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Home / Markets / Mark To Market /  Business activity has recovered, but what about jobs?

Business activity in India’s manufacturing and services sectors continues to recover with the gradual reopening of the economy and the rising pace of vaccinations. The latest Purchasing Managers’ Index (PMI) survey published by IHS Markit showed that the seasonally adjusted India Services Business Activity Index stood at 58.1 in November, a marginal decline from 58.4 in October. A reading above 50 indicates expansion and below the threshold points to contraction.

Manufacturing PMI for November also pointed to a robust recovery. The combined improvement in both these sectors has resulted in the Composite PMI Output Index rising to 59.2 in November from 58.7 in October. The survey report said that this is the strongest upturn in the Composite PMI since January 2012.

A sharp contrast
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A sharp contrast

“Aggregate new business rose for the fourth month in succession and at the fastest pace in almost 10 years. The pickup in growth stemmed from the manufacturing industry, as sales among service providers increased at a pace that was little changed from October," said the PMI survey report.

Private companies operating in both the sectors continue to tackle input cost inflation by raising prices gradually. As firms are yet to pass on the entire burden of cost pressures, inflation remains a concern and continues to weigh on their business confidence.

Another pain point remains the muted employment trends despite the headline indices showcasing revival. According to the report, on a combined basis, private sector employment increased only slightly in November.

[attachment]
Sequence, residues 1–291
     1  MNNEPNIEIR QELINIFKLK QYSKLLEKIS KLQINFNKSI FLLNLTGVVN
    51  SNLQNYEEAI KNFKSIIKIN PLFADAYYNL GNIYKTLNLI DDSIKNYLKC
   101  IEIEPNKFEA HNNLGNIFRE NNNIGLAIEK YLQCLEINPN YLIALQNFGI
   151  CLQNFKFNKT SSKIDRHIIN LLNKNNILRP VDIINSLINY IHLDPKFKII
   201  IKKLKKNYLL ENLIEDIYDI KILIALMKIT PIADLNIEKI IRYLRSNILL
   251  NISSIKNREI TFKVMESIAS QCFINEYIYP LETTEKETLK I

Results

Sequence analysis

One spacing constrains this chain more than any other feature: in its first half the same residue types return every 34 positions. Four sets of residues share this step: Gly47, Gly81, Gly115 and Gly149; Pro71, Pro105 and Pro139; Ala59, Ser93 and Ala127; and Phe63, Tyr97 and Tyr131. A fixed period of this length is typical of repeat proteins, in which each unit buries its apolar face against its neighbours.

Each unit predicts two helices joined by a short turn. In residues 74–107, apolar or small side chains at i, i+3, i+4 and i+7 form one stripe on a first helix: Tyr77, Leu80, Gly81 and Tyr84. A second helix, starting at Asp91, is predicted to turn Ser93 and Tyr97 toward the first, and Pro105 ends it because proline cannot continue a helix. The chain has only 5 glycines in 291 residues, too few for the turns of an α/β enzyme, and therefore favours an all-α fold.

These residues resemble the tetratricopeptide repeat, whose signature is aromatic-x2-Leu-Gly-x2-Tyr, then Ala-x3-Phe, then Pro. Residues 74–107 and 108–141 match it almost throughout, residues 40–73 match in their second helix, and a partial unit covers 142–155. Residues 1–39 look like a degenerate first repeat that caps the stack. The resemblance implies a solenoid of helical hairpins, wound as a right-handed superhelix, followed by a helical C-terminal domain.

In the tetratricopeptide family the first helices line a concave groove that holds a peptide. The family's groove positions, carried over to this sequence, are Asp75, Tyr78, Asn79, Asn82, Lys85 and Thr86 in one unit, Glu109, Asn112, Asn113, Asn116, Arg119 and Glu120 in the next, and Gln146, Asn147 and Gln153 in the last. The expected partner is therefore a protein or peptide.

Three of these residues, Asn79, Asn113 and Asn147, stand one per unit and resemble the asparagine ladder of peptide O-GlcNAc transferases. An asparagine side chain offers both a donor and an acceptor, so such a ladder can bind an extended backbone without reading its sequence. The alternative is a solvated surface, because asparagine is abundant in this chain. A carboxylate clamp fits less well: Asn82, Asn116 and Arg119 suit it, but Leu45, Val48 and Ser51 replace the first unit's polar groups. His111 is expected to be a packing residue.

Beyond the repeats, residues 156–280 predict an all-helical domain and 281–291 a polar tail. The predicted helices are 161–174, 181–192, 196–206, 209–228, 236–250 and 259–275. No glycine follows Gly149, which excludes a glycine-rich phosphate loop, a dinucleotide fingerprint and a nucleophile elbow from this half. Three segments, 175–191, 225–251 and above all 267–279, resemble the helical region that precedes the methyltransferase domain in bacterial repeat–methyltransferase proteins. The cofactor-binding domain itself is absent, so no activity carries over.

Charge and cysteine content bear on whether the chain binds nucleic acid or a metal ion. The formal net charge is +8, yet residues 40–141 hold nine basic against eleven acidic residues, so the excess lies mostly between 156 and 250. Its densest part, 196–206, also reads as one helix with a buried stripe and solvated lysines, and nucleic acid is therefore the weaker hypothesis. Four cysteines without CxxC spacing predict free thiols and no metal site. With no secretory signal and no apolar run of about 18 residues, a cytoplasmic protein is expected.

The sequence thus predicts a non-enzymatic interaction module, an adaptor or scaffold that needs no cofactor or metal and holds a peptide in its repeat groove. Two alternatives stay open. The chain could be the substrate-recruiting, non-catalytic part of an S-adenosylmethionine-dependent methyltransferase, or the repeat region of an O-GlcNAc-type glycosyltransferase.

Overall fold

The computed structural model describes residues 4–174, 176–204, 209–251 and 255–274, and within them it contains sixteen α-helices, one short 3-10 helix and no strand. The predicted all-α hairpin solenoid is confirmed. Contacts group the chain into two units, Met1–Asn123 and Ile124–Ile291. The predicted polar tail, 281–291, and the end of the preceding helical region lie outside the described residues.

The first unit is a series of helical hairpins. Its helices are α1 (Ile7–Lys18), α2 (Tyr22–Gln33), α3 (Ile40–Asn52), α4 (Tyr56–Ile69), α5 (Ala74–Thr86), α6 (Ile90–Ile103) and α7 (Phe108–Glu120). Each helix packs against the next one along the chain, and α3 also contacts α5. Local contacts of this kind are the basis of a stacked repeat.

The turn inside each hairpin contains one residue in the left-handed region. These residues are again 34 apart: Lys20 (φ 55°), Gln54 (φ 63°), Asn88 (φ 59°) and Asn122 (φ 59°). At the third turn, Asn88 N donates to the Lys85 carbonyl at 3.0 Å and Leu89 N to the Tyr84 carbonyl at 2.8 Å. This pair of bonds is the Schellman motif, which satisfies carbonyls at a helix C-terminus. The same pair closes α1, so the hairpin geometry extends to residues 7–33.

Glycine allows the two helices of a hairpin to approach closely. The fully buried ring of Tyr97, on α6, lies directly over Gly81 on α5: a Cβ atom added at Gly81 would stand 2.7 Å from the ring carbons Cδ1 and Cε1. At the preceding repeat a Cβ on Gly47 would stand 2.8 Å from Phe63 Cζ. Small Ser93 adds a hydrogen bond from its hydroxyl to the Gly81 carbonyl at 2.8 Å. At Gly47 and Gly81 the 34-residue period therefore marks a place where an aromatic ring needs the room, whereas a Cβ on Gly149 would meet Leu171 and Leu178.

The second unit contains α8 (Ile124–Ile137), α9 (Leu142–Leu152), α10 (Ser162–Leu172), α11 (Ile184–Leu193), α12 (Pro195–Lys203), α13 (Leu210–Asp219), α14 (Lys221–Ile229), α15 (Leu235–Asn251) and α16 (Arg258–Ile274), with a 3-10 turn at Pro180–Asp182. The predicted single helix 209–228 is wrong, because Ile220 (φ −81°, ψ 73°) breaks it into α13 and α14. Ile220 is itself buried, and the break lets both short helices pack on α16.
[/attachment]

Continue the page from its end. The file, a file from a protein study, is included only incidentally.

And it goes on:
Unfortunately, the outlook on this front is bleak. After-effects of the pandemic on the labour markets and incomes are likely to be felt for longer than the revival in other cyclical economic activity, cautioned economists at DBS Bank.

“Improvement in hiring has also been lopsided, as few cyclical sectors fare better than the rest, such as ITES/computer software sectors. Elsewhere, with more than two-thirds of the work force being self-employed and casual labour, dependence on regular employment (as most are without social/protection benefits) is high," the Singapore-based bank said in a report on 2 December. The report said that though the unemployment rate has fallen to pre-covid levels, the total number of people employed is below January 2020 levels, with the urban sector faring a shade better than rural.

This is not unique to India, but peers and emerging and developed nations are yet to see a meaningful improvement in employment data.

As such, RBI’s consumer confidence survey to be released on 8 December can be expected to throw more light on the situation.

 

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